The Division of Medical Oncology is made up of a diverse group of clinical and basic science faculty, clinical and research trainees, laboratory technicians, students, administrators, and administrative assistants. This group, in addition to nurses, pharmacists, dieticians, social workers, and physicians from other disciplines such as surgery, pathology, radiation oncology, psychiatry, and supportive oncology work together in a multidisciplinary team approach to provide patients with individual treatment plans specific to their type of cancer.
The goal of this division is to provide the best cancer care possible for patients while also leading the field in cutting-edge cancer research through outstanding collaborative efforts.
The division's disease based working groups include:
The aerodigestive working group consists of a highly collaborative multidisciplinary team of personnel including medical oncologists, radiation oncologists, thoracic surgeons, head and neck surgeons, interventional pulmonologists, pathologists and radiologists. The working group meets on a weekly basis to review all ongoing clinical trials and to evaluate new research concepts. The group is ably supported by two regulatory specialists and five research coordinators that are involved in various aspects of initiation and implementation of clinical trials. The working group is supported by registered nurses, mid-level providers and a patient navigator.
The aerodigestive working group evaluates new research concepts and works on innovative ideas that will subsequently be developed into clinical trials. One of the major goals of the working group is to move novel discoveries from the research laboratories at the Winship Cancer Institute to clinical trials intended to improve the outcome for patients with aero-digestive malignancies. The working group supports clinical trials that are part of the prestigious SPORE Award in Head and Neck Cancer and the program project (PO1) on lung cancer. The working group also participates in phase II/III clinical trials conducted by the National Cancer Cooperative Groups that are designed to develop new standards of care for patients with aero-digestive malignancies. In addition, the working group also conducts research studies to individualize treatment options for patients based on the molecular profile of their tumors. As part of this, we conduct mutation testing studies for certain sub-types of lung cancer and also are working on a project to sequence the whole genome of the cancer.
For patients seeking care for an aerodigestive malignancy, please visit the Winship Cancer Institute website. See links below.
The breast cancer working group in a multi-disciplinary team of investigators involved in breast cancer clinical research. The group meets every week and discusses all trials at Emory that accrue patients with breast cancer. Individual plans for patients receiving study-related treatment are discussed. Trial conduct including adverse events is discussed in detail. All new protocols are discussed in detail so all investigators are familiar with eligibility and other trial considerations.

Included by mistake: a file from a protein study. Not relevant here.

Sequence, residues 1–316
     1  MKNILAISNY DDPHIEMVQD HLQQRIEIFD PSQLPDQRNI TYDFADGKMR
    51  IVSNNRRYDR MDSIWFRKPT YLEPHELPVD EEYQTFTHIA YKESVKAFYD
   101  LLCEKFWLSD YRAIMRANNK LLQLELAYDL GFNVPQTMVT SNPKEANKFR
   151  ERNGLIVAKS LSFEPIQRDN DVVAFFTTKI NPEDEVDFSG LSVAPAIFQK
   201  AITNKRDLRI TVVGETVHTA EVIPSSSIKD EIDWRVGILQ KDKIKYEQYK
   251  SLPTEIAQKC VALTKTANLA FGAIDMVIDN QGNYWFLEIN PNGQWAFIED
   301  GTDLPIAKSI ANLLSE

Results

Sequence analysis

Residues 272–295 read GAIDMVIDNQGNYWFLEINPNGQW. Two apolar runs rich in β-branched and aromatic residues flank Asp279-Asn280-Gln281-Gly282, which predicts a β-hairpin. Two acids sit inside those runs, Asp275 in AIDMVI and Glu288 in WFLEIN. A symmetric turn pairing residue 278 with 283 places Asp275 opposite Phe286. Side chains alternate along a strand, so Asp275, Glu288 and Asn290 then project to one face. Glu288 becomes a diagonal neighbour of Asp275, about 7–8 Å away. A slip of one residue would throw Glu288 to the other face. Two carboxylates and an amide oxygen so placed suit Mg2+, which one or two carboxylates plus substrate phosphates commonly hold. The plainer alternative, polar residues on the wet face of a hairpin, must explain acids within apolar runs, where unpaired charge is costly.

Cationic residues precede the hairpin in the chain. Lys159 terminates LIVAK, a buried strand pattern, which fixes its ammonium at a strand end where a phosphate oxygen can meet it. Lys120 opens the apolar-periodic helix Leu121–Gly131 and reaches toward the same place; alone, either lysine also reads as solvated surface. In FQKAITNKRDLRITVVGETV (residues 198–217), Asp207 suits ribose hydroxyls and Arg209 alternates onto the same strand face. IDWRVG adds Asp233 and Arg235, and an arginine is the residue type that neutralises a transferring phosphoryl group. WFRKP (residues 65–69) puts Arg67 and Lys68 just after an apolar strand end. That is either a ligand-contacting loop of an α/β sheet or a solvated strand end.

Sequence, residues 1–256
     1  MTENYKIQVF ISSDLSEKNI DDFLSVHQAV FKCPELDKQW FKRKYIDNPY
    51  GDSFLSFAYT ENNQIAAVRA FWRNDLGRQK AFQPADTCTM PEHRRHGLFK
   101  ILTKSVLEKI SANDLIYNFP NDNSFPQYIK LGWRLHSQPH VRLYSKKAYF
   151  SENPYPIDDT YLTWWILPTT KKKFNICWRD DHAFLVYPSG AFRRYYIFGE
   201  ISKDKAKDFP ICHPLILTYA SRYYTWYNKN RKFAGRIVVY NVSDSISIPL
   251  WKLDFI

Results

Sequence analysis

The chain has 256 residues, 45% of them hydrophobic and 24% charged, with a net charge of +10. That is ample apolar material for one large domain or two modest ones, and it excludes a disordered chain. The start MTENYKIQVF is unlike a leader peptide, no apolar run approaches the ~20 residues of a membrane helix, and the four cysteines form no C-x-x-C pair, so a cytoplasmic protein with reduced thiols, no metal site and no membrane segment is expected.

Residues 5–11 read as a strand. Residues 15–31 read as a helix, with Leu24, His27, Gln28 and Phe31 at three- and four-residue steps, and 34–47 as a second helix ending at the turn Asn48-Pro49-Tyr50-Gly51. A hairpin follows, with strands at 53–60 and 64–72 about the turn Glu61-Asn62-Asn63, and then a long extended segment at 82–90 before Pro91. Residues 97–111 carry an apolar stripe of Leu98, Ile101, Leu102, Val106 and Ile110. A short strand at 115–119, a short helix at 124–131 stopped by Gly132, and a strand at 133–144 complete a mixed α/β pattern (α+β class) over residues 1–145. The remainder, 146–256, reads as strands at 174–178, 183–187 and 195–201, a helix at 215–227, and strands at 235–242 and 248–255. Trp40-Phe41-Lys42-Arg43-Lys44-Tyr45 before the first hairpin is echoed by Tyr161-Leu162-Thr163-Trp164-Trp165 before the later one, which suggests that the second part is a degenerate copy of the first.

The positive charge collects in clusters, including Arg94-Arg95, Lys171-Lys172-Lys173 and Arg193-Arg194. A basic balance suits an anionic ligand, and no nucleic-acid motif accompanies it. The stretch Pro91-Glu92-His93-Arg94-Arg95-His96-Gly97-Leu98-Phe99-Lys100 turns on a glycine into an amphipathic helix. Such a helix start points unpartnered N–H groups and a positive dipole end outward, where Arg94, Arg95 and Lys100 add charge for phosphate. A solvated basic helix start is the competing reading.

Any new updates from national and international clinical trials are discussed and practice patterns are changed when appropriate. This allows all members of the breast team to be aware of and have the ability to treat patients with the most innovative and effective therapies. Team members are made aware of potential funding mechanisms.
A key part of the breast cancer program is the collection of patient specimens. We have several protocols that allow us to take tissue from patients specifically for research. These protocols and discussed and updated. Any investigator wishing to use tissue from the breast cancer bank makes an application in writing and final approval is given by members of the breast cancer tumor bank.
For patients seeking breast cancer care, please visit breast cancer care web page at Winship Cancer Institute.
The focus of the gastrointestinal (GI) working group is to deliver comprehensive state of the art care as a multidisciplinary team for patients with GI cancers. The members of this team meet at twice a week. During these meetings, the group members discuss patients' medical cases, ensuring that the appropriate management plans are in place. These meetings facilitate interaction between physicians with different specialties enabling the patients to benefit from the wide spectrum of treatments available for the management of GI cancers.
Cancers of the gastrointestinal tract include a wide spectrum of complex disorders. Diagnosis of these diseases usually requires endoscopic procedures to obtain tissue biopsy and experienced pathologists to evaluate the biopsies. Treatments for these diseases may include chemotherapy, radiation, surgery, and liver-directed interventions. The working group includes physicians who are proficient at delivering a wide array of liver-directed therapies ranging from liver transplant, surgical resection, ablation (destruction) of tumors using heat or microwave, focal radiation, or injection of chemotherapy or radioactive particles directly into the blood supply of the liver. The GI working group has extensive experience with the management of rare tumors such as neuroendocrine tumors (carcinoids) and appendiceal tumors (intraperitoneal chemotherapy).
The GI working group is heavily invested in developing novel treatments for cancer through the design and conduct of innovative clinical trials. The research portfolio of the GI working group includes trials that focus on personalized medicine, new drug development as well as trials that focus on the incorporation of drug therapy with radiation, surgery or liver directed therapies. The research being conducted by the GI working group at the Winship Cancer Institute includes trials developed and conducted exclusively at Emory as well as national trials. Therefore, patients being evaluated by the GI working group will have the option of receiving the standard of care treatment or participating in the innovative treatment programs.